When I was a kid, I saved everything. But like… everything.
As in, I had a little box where I put bent paperclips on the off chance that a bunch of aliens might land and only be willing to call off their destruction of the Earth if someone provided them with a bent paperclip collection.
I mention this not because I want to be featured on an episode of NBC’s Hoarders, but in order to make a bias of mine pretty clear: I’m not the kind of person who questions a collection.
So part of my motivation for this series on archives and collections was to go beyond just marveling at pretty or quirky things all gathered together in one place and to talk a little bit about what motivated the collectors. To actually ask ‘Why?’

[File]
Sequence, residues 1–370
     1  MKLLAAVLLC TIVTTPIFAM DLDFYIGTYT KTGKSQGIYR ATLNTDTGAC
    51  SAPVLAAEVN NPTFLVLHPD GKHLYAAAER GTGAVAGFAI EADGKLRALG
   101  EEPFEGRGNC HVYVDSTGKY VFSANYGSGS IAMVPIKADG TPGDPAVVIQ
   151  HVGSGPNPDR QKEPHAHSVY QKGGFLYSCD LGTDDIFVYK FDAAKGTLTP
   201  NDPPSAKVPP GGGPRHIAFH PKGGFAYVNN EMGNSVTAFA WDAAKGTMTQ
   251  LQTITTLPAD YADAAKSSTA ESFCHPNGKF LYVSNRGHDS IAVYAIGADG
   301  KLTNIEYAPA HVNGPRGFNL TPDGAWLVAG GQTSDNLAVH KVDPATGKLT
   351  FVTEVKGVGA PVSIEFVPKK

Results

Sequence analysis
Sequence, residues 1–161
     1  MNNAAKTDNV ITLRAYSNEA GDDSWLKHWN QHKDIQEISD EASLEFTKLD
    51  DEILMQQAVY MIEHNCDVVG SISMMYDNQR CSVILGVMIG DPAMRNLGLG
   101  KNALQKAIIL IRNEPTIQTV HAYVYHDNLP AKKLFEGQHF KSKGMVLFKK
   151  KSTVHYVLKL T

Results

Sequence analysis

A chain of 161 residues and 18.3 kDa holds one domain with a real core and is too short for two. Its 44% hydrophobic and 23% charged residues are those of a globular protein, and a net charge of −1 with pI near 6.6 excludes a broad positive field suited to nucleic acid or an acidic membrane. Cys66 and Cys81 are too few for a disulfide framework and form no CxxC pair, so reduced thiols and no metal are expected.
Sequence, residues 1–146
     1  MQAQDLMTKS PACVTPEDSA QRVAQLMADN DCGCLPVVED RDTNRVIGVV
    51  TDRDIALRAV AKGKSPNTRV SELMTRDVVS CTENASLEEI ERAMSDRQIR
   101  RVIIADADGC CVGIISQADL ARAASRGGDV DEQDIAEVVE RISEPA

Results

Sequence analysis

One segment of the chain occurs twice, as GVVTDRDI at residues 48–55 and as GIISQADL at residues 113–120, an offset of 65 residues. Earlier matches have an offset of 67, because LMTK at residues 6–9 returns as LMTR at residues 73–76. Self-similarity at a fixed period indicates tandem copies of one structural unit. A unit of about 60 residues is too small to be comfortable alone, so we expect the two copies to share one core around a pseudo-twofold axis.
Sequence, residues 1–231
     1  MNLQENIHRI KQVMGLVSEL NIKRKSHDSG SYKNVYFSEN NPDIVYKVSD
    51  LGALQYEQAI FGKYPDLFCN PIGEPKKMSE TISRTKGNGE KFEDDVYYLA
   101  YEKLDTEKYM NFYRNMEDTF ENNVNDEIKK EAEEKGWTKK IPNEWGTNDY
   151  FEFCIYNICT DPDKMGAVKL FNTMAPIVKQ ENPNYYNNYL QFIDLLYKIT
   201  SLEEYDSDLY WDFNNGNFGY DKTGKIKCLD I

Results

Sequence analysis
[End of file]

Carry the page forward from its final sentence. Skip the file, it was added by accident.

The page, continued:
And I’ve had a variety of answers.
At the Cotsen Children’s Library, the aggregate of millions of children’s books helps us draw out information about what messages different people in different cultures at different times wanted to give their kids.
Other collections, like the Grounds for Sculpture, are curated to create an experience.
In this interview with Anthony Grafton, we talked about another possible reason for bringing a collection together into an archive: sometimes, the sum of all the parts of a collection–a person’s notes, their annotations, their letters–helps you bring a historical figure back to life.
Listen above to hear the story of Isaac Causabon, resurrected from marginalia.
Have thoughts on collecting? Email me at email@example.com